We will begin by creating an instance of our statarb object. We will randomly select two stocks from cluster 0 for this analysis. We must first import the data for each symbol over our testing period.
Now that we have imported our data, let’s take a quick look at it.
Okay now, let’s test our statarb class to test the symbols for cointegration and build a strategy.
Okay in the above line of code, we have just created an instance of our statarb strategy class. We can now call our create_spread method to create the spread of our data. We passed in the entire dataframes of bbby and gt because this method will parse the closing prices and created the spread for us. Afterwards, we can call the remaining methods to complete our Statistical Arbitrage analysis.
In the above dataframe, we can see that we’ve added our spread. The values at the head are NaN which is reflective of the lookback that we are using. We can scroll down to see that values have been populated for each column.
Now that we have created the spread of our pair, let’s check to see if they are cointegrated.
Our pair is highly cointegrated. Now that we have confirmed this, we can call our generate signals and create returns to see how our strategy would have performed over our testing period.
We can see that we have added our signals to our dataframe.
Now that we have generated signals for our pair, let’s use our create returns method to calculate our returns and print our equity curve. Recall that this method takes in an allocation amount. This is the starting value of our portfolio. This method also requires that we pass in a name for our pair as a string to be included in our plot.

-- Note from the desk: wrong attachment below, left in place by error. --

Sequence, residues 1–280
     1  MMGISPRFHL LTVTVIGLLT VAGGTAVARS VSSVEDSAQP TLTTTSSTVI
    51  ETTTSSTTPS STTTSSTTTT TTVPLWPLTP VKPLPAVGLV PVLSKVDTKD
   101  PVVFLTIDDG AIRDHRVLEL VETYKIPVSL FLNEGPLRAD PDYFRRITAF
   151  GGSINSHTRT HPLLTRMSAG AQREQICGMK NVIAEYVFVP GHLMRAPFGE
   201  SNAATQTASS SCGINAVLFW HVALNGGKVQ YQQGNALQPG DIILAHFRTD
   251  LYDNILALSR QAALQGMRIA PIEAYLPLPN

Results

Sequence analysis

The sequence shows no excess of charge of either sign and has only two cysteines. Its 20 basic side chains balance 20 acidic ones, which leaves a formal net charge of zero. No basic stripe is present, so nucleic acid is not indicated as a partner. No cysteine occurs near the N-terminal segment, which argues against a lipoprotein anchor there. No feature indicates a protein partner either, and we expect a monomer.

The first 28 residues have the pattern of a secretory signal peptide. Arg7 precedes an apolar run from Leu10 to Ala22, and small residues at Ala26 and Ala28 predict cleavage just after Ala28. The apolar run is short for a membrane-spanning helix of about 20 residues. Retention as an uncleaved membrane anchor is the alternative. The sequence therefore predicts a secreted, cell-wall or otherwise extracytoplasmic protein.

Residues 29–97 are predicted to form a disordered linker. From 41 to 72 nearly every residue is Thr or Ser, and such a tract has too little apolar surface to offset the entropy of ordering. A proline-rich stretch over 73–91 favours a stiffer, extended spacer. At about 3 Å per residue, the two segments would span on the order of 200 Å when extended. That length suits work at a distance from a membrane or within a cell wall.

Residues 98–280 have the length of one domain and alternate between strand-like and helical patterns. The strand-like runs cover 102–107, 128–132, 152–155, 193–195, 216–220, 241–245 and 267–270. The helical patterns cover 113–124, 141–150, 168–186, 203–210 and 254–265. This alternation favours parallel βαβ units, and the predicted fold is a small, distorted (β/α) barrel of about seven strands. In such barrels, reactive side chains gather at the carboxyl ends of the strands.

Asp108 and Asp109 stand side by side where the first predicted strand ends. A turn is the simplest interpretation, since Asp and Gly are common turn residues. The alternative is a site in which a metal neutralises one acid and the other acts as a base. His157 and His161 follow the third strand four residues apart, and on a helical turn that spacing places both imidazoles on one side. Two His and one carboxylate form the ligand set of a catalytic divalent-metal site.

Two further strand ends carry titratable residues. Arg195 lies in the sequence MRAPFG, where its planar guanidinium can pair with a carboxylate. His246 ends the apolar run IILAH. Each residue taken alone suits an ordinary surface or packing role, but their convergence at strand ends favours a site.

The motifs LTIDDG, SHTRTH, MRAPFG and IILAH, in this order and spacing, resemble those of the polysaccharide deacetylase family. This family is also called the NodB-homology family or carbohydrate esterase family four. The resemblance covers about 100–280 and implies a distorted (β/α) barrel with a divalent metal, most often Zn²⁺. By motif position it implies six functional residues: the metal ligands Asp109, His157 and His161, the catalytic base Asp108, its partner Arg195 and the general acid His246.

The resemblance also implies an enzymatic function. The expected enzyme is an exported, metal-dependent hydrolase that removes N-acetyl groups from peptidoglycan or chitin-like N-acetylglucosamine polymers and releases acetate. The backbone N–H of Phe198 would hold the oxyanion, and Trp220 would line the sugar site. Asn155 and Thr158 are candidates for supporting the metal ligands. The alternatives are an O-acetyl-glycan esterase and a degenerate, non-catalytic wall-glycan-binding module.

We can see that our strategy did well for a while before appearing to no longer be cointegrated. Let’s take a look our Sharpe Ratio.
Challenge: See If You Can Improve This Strategy
Try your hand at improving this strategy. Our analysis showed that these two stocks were highly cointegrated. However, after performing well for the majority of our testing period, the strategy appears to have loss cointegration. This shows a couple of things. First, it shows that Statistical Arbitrage is not a riskless trading strategy. Secondly, it underscores the importance of the parameters used when trading. These are what are truly proprietary.
Wow! We have covered an immense amount of information is a short time. To recap, we began by gaining an understanding of K-Means. We created our own toy data in which we initialized our own clusters. We then applied K-Means to our toy data to see if it would be able to identify the clusters that we created.
Next, we took a walk through a Statistical Arbitrage world without K-Means. We brute forced the creation of a couple of pairs and learned that identifying tradeable relationships involved a little more than finding pairs in the same sector. We then used real stock data from the S&P 500, namely Dividend Yields, P/E, MarketCap, EPS and EBITDA, as features to begin creating a real-world K-Means analysis for trading Statistical Arbitrage.
We then added our clusters to our dataframe and manipulated it so that we could test the pairs in each cluster for cointegration via the ADF test. We randomly selected BBBY and GT from cluster 0 of our analysis and found that they were cointegrated at the 99% significance level. Afterwards, we used the statarb class we created to backtest our new found pair. Whew!
This analysis also showed the strength of K-Means for finding non-traditional pairs for trading Statistical Arbitrage. BBBY is the ticker symbol of Bed Bath and Beyond and GT is the ticker symbol for Goodyear Tire & Rubber Co. These two stocks appear to have nothing in common on the surface but have been cointegrated at the 1% critical value in the past.
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Disclaimer: All investments and trading in the stock market involve risk. Any decisions to place trades in the financial markets, including trading in stock or options or other financial instruments is a personal decision that should only be made after thorough research, including a personal risk and financial assessment and the engagement of professional assistance to the extent you believe necessary. The trading strategies or related information mentioned in this article is for informational purposes only.